Most restaurants have lulls between lunch and dinner. But at Senor Pan, a blink-and-you-miss-it Cuban restaurant in the Kelvyn Park neighborhood, customers come and go throughout the day; most of them get one thing: the Cubano sandwich.
"When you walk into a Cuban place the first thing that comes to mind is the Cubano sandwich," said owner Faisal Hamud. "I always say that there's nothing that describes the Cuban culture more than the Cuban sandwich."
They begin with good bread, of course. These crusty loaves come from Biondillo Bakery in Austin. Split down the middle, each side gets its own flavoring: on the left, garlicky mayo; on the right, melted butter. Then come two different types of lightly-smoked, thinly-sliced ham, followed by a squeeze of mustard, then a few rectangular slices of Swiss cheese. A couple of pickles are added for crunch, then the key to the Cubano - marinated and roasted pork that is sliced by hand and eventually stacked up over the other ingredients already on each half.
Both those halves are placed - face-up - into a panini press, drizzled with a bit of butter, then heated on both sides. After a minute or two, the top is then placed over the bottom, and once again, after a drizzle of melted butter, the sandwich is pressed yet again, ensuring a crisp exterior crunch and keeping everything between the slices warm and soft. You can order the sandwich plain or "super," which just means they'll add a few thinly-sliced plantain chips, called mariquitas. What you'll soon discover - as you sip on your Cafe Cubano and nibble on your pasteles, filled with guava - is that you've stumbled onto one of the city's true Cuban gems.. where they're awfully proud of their sandwiches.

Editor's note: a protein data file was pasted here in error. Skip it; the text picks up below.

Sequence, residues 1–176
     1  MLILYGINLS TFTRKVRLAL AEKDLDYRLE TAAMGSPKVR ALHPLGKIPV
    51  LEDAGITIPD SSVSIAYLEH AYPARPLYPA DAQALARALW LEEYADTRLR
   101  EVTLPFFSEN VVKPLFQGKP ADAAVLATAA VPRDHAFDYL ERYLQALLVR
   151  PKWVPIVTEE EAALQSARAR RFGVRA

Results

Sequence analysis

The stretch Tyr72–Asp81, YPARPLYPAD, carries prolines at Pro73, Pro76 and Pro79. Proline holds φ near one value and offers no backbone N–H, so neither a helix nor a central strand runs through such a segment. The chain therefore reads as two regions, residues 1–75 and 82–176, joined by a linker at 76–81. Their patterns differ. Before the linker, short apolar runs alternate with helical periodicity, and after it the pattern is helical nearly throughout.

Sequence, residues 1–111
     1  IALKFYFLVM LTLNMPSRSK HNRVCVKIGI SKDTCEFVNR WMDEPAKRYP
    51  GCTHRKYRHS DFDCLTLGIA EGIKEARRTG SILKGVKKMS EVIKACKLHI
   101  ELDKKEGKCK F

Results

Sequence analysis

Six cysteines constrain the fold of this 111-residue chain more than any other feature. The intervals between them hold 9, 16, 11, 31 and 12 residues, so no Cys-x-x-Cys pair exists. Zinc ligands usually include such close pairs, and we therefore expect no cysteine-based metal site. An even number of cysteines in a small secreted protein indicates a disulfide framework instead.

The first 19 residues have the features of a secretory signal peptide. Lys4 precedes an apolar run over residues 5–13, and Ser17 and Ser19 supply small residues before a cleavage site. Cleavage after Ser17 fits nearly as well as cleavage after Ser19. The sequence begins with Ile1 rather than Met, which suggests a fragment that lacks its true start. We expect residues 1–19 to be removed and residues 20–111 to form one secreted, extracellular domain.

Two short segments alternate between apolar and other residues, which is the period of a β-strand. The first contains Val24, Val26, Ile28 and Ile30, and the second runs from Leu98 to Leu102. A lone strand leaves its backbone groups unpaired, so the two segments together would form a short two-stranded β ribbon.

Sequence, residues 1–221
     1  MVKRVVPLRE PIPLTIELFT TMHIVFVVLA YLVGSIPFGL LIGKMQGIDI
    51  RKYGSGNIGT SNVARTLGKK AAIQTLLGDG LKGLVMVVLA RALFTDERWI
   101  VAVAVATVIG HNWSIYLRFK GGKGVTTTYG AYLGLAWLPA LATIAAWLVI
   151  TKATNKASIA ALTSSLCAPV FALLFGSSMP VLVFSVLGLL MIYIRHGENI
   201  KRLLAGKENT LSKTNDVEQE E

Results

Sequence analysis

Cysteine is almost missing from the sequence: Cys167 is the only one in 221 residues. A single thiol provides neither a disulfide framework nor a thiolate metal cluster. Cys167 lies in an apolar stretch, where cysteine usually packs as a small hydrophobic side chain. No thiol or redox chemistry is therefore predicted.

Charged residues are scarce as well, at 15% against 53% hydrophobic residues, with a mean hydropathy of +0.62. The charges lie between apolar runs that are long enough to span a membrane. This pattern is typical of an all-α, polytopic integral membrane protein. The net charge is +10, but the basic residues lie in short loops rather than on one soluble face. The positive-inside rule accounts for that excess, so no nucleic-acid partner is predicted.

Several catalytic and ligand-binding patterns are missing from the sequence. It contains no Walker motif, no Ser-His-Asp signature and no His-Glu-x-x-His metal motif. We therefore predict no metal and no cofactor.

"We put a lot of passion in our sandwiches, and yes, ours is the best," Hamud said.
There is a full menu of Cuban specialties at Senor Pan, so there's a lot more than just sandwiches.. But clearly, the Cubano should not be missed.
4612 W. Fullerton Ave.